The human rights organisation has questioned whether the Home Office has “a realistic grasp on all the people it has wrongly detained and removed”
A FORMAL APOLOGY from the UK Government to a mere 18 members of the Windrush generation who are believed to have been wrongfully removed or detained has been met with concern from Amnesty International, which has described the government’s approach as narrowly focused and “worrying”.
In a statement released on Tuesday [21 August] by the Home Office, Home Secretary Sajid Javid said that the 18 individuals in question had been identified during a review of almost 12,000 cases of detention and removal, instituted following controversy over the unjust treatment of Windrush immigrants earlier this year.
According to Javid, 11 of the 18 individuals left the UK voluntarily, while seven others were detained and subsequently released without being removed. Evidence has suggested that they came to the UK from the Caribbean prior to 1973, and while their stay was permanent, were unable to demonstrate their continuous residence.
Javid said: “The experiences faced by some members of the Windrush generation are completely unacceptable and I am committed to righting the wrongs of the past.”
“I would like to personally apologise to those identified in our review and am committed to providing them with the support and compensation they deserve.
“We must do everything we can to ensure that nothing like this happens again – which is why I have asked an independent adviser to look at what lessons we can learn from Windrush.”
Since their identification in the review, the Home Office has reportedly been in contact with 14 of the 18, and is attempting to contact the remaining four.
However, the human rights organisation Amnesty International has signalled its dissatisfaction with the government’s apology, which it has characterised as an insufficient recognition of the number of people affected.
Steve Valdez-Symonds, Amnesty International UK’s Refugee and Migrant Rights Programme Director, commented: “The Home Secretary’s apology to just 18 individuals is worrying and brings into question whether the Home Office has a realistic grasp on all the people it has wrongly detained and removed following the exposure of its appalling treatment of the Windrush generation.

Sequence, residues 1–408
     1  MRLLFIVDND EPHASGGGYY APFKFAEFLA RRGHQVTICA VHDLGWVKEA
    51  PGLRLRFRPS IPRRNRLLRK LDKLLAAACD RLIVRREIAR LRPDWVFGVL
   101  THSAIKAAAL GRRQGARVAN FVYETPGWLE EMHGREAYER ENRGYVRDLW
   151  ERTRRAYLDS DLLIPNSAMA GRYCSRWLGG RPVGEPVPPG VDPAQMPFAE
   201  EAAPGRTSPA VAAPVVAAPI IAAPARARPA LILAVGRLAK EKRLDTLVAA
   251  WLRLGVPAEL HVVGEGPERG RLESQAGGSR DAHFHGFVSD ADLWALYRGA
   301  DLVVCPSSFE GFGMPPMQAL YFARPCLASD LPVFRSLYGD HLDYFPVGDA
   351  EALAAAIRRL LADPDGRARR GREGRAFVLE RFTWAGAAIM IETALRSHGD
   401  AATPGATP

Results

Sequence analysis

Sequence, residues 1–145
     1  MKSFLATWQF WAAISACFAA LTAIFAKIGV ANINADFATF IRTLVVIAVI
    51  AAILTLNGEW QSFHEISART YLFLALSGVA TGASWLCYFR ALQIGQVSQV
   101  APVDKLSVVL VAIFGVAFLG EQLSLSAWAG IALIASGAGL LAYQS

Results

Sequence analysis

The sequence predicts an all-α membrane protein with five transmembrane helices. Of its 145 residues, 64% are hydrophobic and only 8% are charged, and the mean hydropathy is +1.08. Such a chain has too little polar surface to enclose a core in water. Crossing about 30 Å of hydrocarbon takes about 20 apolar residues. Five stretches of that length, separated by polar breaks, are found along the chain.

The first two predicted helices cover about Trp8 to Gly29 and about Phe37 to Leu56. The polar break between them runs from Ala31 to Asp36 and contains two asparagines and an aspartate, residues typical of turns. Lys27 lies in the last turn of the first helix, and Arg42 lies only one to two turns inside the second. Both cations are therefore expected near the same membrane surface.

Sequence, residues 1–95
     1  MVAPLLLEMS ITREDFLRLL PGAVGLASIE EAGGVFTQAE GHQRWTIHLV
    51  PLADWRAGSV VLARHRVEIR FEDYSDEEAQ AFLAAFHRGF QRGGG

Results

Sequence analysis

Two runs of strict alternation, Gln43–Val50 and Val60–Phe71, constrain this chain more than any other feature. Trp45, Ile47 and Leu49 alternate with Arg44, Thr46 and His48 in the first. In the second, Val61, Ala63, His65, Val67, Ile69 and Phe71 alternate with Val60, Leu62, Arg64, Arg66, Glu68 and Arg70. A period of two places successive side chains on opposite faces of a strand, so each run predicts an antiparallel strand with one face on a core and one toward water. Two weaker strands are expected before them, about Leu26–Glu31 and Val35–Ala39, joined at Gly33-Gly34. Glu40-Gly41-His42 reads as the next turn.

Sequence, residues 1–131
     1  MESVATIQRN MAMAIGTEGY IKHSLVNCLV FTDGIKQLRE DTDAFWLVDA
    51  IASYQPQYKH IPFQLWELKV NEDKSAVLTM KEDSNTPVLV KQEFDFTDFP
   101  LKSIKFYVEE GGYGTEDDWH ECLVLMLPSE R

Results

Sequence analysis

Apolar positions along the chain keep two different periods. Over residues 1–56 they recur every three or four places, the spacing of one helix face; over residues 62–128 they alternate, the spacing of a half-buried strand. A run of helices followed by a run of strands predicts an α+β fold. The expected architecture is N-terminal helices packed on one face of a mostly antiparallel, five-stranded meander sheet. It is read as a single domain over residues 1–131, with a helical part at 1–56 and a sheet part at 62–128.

“The Government’s focus remains narrow, casting doubt on its willingness to learn the full lessons of what has gone so badly wrong.” Amnesty International UK Refugee and Migrant Rights Programme Director Steve Valdez-Symonds
“The Government’s focus remains narrow, casting doubt on its willingness to learn the full lessons of what has gone so badly wrong. Refusal to recognise the rights of people entitled to live in this country continues even now.
“Among those being denied their rights are the thousands of children, many born in the UK, who are blocked from claiming their British citizenship rights because of a profit-making fee they cannot afford.
“The Government should urgently change tack, properly scrutinising the myriad ways in which its policies and practices continue to wrongly treat people as if ineligible or unentitled to be here and do all it can to ensure that people both know and can claim their rights.”
Labour MP David Lammy, who has been vocal in his criticism of the UK Government regarding the Windrush scandal, added that the apology was “a drop in the ocean.”
According the findings of the review which identified the 18 individuals cited in the UK Government’s apology, a total of 164 members of the Windrush generation may have been wrongly removed or detained. This was not addressed in Javid’s comments.
Picture courtesy of duncan c
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